Tribunal: Childcare worker’s dismissal was fair

A childcare worker sacked from her post after being accused of slapping a child has failed in her action for unfair dismissal.

The Employment Appeals Tribunal determined that the decision by Liam Egan, trading as Little Sunflowers Creche and Montessori, to dismiss Pamela Burke in January 2012, was not disproportionate.

Ms Burke was dismissed from the creche in Callan, Co Kilkenny, after a colleague claimed to have witnessed her slapping a child’s hand to separate the boy from another. The witness said the boy who was slapped was dragging the other child.

The tribunal report recorded that the child who was slapped began to cry and Ms Burke began to console him. It states that Ms Burke’s work colleague “was alarmed because she heard the slap and having completed a child protection course was conscious of the obligation to report anything untoward”.

The centre manager saw that Ms Burke and the witness were acting out of character and the witness outlined what she had seen.

Ms Burke strenuously denied ever hitting the child. The tribunal report states that at the hearing in Kilkenny, Ms Burke said she did not slap the child and “he cried because he could not finish what he started”.

The report states that Ms Burke “explained that while doing some cleaning she heard a child cry and saw that child A had grabbed child B [who was crying] by her T-shirt”.

“She told child A to let go and as he had not heard her she repeated her instruction in a raised voice and went towards the children who had fallen onto a giant cushion and she separated them by picking up child A. She did not slap ‘child A’.”

Ms Burke made the case that she had been working with Little Sunflowers for six years and a complaint had never been made against her.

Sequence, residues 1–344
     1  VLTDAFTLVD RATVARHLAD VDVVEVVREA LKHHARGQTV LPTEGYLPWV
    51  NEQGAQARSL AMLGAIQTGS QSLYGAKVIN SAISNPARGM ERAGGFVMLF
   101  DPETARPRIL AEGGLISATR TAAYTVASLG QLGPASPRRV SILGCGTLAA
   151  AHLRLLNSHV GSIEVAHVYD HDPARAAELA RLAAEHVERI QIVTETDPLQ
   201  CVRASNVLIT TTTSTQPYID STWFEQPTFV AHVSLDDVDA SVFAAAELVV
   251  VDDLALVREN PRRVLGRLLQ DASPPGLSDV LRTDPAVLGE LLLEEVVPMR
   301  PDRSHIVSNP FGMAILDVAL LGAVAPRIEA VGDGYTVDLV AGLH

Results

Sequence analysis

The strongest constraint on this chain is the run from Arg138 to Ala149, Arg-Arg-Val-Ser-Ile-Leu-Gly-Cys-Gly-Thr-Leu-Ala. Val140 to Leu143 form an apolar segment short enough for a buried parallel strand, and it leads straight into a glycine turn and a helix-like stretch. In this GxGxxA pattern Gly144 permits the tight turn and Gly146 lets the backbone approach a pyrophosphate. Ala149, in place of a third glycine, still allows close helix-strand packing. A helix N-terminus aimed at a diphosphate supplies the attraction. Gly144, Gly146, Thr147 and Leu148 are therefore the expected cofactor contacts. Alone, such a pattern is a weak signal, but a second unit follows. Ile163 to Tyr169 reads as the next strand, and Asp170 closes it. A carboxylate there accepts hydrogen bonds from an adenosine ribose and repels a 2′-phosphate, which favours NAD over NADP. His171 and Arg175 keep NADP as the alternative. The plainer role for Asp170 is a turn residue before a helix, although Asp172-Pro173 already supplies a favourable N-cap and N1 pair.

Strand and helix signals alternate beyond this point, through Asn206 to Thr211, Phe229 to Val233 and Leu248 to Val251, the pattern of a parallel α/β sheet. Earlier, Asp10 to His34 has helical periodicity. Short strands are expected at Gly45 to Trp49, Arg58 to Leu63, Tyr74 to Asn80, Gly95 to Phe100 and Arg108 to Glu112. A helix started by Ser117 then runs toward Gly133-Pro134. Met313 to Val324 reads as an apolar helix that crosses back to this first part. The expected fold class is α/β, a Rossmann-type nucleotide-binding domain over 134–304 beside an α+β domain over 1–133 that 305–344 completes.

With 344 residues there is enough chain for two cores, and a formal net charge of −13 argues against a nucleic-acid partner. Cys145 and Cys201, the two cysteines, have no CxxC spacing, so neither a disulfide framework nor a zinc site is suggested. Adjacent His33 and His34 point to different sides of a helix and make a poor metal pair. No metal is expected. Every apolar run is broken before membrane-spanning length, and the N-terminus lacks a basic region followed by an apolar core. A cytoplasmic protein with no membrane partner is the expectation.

The report recorded that having discussed the two versions of the incident with the manager, the director accepted the witness’s version and concluded that Ms Burke’s behaviour amounted to gross misconduct warranting dismissal.

It states: “The director’s position was that he had no alternative but to dismiss the claimant [Ms Burke]. To not dismiss would be the easier option and no questions would arise. Had he not dismissed the claimant there would be serious repercussions should another incident occur.”

The director stated that he had a duty of care to both the staff and children, so no lesser sanction would be appropriate.

The report states that “on her return from leave of absence, the HSE pre- school service officer carried out an investigation and concluded that the respondent [Mr Egan] had taken appropriate measures.”

The tribunal noted observations of both Ms Burke and the witness in the immediate aftermath to support the witness’s version of the incident.

It stated: “In light of these observations, the director had reasonable grounds for believing the allegation.” It found the sanction was not disproportionate and that the dismissal was fair.

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Tribunal: Childcare worker’s dismissal was fair
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